Unfortunately, my patient’s stress echo (done at another medical center) was botched and read as showing evidence for a blockage when there was none. An invasive and potentially life-threatening procedure, a cardiac catheterization was recommended. Similar to the situation I’ve pointed out with the performance and interpretation of echocardiograms (see here), there is no guarantee that your stress echo will be performed or interpreted by someone who actually knows what they are doing. So, although the stress echo in published studies or in the hands of someone who is truly expert in interpretation, has a low yield of false positives, in clinical practice the situation is not always the same.
Given that Janet was very active without any symptoms, she balked at getting the catheterization and came to me for a second opinion. I felt the stress echo was a false positive and did not feel the catheterization was warranted. We discussed alternatives, and because Janet needed more reassurance of the normality of her heart (partially because her father had died suddenly in his sixties) and thus the benignity of her palpitations/PVCs, she underwent a coronary CT angiogram instead. This noninvasive exam (which involves IV contrast administration, and is different from a coronary calcium scan), showed that her coronary arteries were totally normal.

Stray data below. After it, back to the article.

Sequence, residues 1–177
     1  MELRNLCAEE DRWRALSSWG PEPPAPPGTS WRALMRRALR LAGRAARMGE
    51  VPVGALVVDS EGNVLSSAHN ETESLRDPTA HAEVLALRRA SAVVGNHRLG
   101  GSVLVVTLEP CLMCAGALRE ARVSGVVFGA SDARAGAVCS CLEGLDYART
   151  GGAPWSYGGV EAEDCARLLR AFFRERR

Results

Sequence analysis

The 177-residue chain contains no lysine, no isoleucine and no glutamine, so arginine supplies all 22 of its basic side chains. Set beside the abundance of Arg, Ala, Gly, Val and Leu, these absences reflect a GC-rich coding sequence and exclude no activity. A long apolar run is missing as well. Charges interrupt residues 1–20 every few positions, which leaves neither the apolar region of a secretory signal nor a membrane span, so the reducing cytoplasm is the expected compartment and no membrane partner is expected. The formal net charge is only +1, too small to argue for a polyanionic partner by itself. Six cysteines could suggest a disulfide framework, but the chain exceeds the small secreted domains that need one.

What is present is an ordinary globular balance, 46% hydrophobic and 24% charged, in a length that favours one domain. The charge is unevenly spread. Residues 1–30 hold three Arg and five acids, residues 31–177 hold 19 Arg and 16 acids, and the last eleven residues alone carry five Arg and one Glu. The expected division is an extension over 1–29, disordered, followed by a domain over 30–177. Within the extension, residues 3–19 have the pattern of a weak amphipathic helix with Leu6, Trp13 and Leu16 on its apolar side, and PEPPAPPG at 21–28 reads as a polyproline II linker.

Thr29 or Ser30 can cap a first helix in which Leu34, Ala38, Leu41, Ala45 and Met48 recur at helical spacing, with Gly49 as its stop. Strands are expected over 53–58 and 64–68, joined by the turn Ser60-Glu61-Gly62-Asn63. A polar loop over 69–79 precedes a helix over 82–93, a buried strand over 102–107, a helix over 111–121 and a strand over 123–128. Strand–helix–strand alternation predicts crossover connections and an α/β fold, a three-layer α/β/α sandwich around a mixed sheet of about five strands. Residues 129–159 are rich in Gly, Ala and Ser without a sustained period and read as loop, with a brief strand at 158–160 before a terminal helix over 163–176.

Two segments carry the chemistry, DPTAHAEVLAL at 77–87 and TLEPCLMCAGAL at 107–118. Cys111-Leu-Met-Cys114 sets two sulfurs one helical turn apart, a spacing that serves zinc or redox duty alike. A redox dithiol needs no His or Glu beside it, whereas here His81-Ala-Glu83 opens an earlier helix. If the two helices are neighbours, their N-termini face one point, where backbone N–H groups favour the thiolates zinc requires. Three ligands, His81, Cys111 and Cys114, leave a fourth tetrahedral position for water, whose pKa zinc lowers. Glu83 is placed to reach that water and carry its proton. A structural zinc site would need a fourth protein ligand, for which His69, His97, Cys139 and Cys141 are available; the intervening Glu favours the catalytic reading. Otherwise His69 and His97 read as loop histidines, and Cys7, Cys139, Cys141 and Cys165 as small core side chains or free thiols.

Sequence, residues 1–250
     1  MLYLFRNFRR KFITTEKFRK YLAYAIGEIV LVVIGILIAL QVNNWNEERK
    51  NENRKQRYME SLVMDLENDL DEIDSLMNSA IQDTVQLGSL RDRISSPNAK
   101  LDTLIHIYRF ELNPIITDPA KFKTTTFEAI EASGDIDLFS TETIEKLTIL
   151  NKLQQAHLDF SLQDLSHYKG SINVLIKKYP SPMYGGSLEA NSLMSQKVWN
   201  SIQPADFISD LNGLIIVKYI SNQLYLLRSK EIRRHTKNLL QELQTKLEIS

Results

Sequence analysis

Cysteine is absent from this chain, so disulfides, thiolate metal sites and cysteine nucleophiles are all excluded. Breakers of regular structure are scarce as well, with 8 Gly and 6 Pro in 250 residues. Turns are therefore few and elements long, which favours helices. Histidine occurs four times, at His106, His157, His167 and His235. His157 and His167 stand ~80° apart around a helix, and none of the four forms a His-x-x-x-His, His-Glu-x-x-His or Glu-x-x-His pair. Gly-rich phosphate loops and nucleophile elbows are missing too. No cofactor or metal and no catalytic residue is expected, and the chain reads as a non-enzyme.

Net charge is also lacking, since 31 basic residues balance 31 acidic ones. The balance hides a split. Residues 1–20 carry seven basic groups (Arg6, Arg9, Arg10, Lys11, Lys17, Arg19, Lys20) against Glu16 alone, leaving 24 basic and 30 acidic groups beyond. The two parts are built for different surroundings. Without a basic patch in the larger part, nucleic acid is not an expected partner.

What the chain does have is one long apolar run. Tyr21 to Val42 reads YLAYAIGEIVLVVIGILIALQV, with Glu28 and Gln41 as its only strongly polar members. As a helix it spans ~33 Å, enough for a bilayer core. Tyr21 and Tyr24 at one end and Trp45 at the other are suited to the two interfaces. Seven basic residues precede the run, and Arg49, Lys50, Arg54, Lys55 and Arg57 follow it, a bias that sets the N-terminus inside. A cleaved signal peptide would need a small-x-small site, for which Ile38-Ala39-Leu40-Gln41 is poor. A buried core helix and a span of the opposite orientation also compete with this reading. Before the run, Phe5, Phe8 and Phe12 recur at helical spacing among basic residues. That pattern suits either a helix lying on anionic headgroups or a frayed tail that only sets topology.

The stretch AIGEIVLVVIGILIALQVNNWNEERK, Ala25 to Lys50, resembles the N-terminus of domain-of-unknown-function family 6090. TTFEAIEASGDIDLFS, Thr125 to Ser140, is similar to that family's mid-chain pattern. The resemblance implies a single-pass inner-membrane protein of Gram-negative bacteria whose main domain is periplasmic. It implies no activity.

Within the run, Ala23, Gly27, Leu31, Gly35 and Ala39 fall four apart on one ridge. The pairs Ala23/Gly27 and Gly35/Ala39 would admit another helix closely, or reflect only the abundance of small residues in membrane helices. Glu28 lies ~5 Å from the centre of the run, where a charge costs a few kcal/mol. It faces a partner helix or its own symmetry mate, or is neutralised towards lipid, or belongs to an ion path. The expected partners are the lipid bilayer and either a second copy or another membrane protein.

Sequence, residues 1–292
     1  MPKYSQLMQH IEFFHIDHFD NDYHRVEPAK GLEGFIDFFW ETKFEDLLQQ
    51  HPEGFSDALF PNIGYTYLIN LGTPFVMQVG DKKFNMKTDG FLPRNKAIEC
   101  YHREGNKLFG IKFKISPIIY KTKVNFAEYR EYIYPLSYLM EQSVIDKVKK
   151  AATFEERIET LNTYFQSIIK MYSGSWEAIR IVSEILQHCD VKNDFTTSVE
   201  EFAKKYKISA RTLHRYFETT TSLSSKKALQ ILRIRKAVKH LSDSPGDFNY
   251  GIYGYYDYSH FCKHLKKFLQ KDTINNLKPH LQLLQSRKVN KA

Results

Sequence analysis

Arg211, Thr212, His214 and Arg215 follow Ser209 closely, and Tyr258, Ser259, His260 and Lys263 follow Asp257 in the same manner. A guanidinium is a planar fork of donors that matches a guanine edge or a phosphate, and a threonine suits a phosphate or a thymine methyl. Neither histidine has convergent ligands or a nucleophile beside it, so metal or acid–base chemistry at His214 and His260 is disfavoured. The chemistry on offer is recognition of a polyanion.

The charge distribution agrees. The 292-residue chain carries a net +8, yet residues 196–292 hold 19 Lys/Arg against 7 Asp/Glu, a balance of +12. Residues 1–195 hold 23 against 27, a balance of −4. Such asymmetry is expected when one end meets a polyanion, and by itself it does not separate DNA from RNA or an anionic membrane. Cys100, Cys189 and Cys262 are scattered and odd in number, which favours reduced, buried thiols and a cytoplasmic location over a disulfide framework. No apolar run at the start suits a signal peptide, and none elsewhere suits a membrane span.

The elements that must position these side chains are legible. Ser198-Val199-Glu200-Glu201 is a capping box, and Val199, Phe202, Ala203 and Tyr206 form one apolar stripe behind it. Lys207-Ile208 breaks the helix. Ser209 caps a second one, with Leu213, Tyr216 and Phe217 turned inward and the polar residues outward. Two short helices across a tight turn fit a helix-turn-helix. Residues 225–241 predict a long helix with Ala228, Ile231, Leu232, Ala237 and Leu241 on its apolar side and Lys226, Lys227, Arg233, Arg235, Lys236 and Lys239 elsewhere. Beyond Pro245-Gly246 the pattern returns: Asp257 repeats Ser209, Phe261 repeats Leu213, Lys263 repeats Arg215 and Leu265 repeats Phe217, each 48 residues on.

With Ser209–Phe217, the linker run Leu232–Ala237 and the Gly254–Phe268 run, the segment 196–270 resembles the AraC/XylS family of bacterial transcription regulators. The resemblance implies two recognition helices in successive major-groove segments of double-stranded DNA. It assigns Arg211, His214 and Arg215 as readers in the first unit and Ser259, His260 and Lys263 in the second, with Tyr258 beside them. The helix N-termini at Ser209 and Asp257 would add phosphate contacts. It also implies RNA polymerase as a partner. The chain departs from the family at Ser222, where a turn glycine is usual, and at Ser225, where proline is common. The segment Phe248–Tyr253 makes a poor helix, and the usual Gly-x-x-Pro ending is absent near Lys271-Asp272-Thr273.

Benign PVCs-Treatment Options
Once we have demonstrated that the heart is structurally normal, reassurance is often the only treatment that is needed. Now that the patient understands exactly what is going on with the heart and that it is common and not dangerous, they are less likely to become anxious when the PVCs come on.
PVCS can create a vicious cycle because the anxiety they provoke can cause an increase in neurohormonal factors (catecholamines/adrenalin) that may increase heart rate , make the heart beat stronger and increase the frequency of the PVCs.
Some patients, find their PVCs are triggered by caffeine (tea, soda, coffee, chocolate) or stress, and reducing or eliminating those triggers helps greatly. Others, like Janet, have already eliminated caffeine, and are not under significant stress.
Since I’m already over a thousand words in this post, I’ll discuss treatment options for these patients with benign PVCs who continue to have troubling symptoms after reassurance and caffeine reduction in a subsequent post.
The skeptical cardiologist has a few nonagenarian patients who seemingly defy the ravages of aging and remain vibrant and active into their late 90’s.